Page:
S1: Can you describe the New York political press corps today, like if you had one word to do it? Frenzied Brigid Bergin is a senior reporter at WNYC in New York,
S2: it’s one of those days where you’ll see a lot of people recirculating that classic onion story. It only Tuesday because it’s been a really it’s been a really busy day.
S1: Brigid busy day started with a press conference.
S2: We were told that New York State Attorney General Letitia James was planning to hold a press conference around 10, 30.
S1: Did you know it was going to be about
S2: it was for a major announcement, but she did not specify what
S1: good morning. This presser turned out to be about the governor, Andrew Cuomo. He’s been under investigation for sexual harassment allegations for months. Attorney General James, she was plain when she laid out the findings of her 168 page report.
S3: The independent investigation has concluded that Governor Andrew Cuomo sexually harassed multiple women and in doing so, violated federal and state law.
S1: And then she and her staff went beyond a simple top line summary.
S4: Our investigation revealed that these were not isolated incidents. They were part of a pattern.
S2: I think what was so surprising about it was the level of detail that they revealed even in the press conference.
S1: It’s one thing to have an intellectual understanding of the allegations against the governor. It’s another to listen as one investigator and then another lay out the specific stories of nearly a dozen women where they were touched, what nicknames Cuomo gave them.
S2: I spoke with an employment attorney who investigates and prosecutes cases of sexual harassment. And she was she told me she was stunned. That was her words about how specific the details are in this report. They described each of these interactions from members of his office, executive assistants who worked with him to a state trooper who was assigned to his detail.
S5: He asked the trooper how old she was when she responded. She was in her late 20s. He said that’s too old for him. He then asked her how much of an age difference he thought he could have between him and a girlfriend and have the public still accept it. She suggested it might be a good idea to stick with women at least as old as your daughters. She didn’t try to deflect the conversation by asking the governor what he was looking for in a girlfriend. He responded that he was looking for somebody who could handle pain.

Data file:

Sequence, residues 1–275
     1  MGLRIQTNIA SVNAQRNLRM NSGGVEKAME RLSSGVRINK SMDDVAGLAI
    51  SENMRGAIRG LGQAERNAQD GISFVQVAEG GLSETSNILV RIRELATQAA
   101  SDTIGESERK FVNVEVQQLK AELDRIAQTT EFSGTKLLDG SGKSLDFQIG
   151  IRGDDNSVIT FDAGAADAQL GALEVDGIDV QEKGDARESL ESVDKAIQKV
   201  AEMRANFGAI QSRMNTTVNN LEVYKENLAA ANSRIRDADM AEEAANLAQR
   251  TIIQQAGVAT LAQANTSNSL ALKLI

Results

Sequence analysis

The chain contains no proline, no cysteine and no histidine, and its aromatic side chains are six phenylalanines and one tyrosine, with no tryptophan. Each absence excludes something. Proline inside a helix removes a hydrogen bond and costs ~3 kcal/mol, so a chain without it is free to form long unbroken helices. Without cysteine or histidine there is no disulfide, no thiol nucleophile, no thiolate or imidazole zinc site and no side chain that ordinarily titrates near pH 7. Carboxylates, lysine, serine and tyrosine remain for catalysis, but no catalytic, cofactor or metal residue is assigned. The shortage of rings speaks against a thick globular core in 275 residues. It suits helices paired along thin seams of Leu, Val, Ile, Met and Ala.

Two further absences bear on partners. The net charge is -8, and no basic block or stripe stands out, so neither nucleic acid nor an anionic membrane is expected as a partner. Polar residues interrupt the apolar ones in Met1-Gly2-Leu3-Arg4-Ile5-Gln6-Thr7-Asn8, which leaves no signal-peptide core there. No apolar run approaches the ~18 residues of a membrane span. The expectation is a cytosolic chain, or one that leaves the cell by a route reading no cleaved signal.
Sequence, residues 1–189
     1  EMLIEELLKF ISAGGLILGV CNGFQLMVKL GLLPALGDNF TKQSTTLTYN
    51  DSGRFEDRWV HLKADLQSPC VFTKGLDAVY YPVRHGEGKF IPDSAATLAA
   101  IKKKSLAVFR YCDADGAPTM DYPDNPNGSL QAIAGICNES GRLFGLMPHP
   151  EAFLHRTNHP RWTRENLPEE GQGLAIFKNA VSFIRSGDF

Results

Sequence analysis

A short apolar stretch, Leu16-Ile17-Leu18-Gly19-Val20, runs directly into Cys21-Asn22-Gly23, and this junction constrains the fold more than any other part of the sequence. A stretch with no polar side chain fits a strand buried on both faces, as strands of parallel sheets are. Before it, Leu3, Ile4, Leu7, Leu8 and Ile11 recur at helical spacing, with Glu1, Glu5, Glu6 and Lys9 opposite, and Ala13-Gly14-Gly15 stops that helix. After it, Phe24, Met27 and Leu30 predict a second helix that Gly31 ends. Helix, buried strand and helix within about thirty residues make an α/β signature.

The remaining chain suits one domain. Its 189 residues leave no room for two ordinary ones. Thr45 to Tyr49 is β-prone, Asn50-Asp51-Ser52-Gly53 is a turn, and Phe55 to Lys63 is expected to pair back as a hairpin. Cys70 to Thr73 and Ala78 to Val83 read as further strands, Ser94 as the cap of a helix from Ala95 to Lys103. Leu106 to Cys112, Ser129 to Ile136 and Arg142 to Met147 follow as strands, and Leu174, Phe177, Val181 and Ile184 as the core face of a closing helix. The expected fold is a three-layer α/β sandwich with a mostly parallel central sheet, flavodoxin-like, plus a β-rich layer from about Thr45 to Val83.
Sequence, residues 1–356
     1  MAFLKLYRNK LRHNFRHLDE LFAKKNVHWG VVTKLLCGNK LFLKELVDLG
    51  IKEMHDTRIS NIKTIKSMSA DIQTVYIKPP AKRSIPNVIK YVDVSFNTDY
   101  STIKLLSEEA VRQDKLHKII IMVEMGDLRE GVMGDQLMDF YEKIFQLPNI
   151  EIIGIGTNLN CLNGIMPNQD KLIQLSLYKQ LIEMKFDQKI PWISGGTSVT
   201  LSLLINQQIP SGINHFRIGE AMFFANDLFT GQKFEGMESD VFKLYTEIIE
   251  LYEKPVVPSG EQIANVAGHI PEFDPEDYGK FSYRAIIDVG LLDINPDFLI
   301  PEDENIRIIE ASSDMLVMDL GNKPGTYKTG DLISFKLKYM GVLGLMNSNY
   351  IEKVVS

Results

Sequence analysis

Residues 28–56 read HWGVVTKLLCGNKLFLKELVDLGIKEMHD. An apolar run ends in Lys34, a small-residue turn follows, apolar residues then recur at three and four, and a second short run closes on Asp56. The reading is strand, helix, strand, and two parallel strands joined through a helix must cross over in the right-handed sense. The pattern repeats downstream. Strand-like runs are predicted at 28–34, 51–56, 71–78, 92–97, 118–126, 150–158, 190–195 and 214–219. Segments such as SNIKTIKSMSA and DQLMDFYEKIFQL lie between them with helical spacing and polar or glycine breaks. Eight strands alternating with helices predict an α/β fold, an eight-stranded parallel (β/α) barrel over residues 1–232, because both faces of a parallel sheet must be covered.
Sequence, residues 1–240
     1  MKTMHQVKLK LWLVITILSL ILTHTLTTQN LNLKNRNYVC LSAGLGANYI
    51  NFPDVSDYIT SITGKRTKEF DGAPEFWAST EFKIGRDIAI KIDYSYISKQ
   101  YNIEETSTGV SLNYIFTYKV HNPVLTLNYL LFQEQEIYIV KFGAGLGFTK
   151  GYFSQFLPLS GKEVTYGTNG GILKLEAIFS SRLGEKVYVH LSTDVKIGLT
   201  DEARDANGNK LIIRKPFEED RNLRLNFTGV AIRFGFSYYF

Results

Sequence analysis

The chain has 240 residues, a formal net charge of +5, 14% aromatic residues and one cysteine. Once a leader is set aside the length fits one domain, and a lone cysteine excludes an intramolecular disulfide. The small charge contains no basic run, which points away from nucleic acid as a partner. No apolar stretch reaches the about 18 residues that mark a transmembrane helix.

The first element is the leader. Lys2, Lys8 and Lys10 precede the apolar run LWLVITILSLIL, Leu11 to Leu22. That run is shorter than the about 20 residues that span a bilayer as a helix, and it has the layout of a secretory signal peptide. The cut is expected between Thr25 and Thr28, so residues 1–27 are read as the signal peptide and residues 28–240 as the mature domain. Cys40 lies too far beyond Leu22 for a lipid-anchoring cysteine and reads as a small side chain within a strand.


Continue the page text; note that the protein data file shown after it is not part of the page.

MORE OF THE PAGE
S2: She is supposed to be protecting him, you know, she’s part of his security detail,
S1: she was armed. She talked about him running his hand towards her firearm.
S1: But something else was clear in this press conference, which is that the attorney general’s investigation is limited in some ways, like reporters kept asking her, what’s your next move? You know, obviously she’s a prosecutor and she was just like the report speaks for itself because she won’t be able to prosecute anything here, even though she found real harm was done and and concludes that firmly. Right.
S2: I think while this may be the end of Attorney General James’s investigation portion of this, we are very far from the end of this story.
S1: Today on the show, the investigation into Andrew Cuomo has come to an end, but his political fight may be just getting started. I’m Mary Harris. You’re listening to what next? Stick around. One bit of transparency before we get too deep into this story, my husband works for New York’s attorney general. He was not involved in this week’s investigation, though most of the work was done by outside counsel who meticulously gathered the stories of 11 women, many of them state employees, who all had these uncomfortable experiences with the governor. Some of these women had come forward months ago. Women like Charlotte Bennett, an aide who said Cuomo asked her how she felt about monogamy and nicknamed her Daisy Duke. Without Charlotte Bennett, this investigation might not have gotten started in the first place. Other women like that state trooper we mentioned earlier, she went on the record for the first time just this week, and she’s still anonymous now. All of these stories, they’re backed up with an appendix full of text messages and email exchanges,
S2: the effort to make clear to the public everything that they have found in their investigation is something that I think from the beginning they had committed to doing. It’s not something I think we always see. But certainly, as you describe this report, you know, is beyond thorough. And what was also interesting is to hear how the governor responded to it, which is to say his lawyer issued their own report where they tried to respond to some of the complaints that had been made public and that they anticipated, I think, in this particular document. And that was a strange strategy.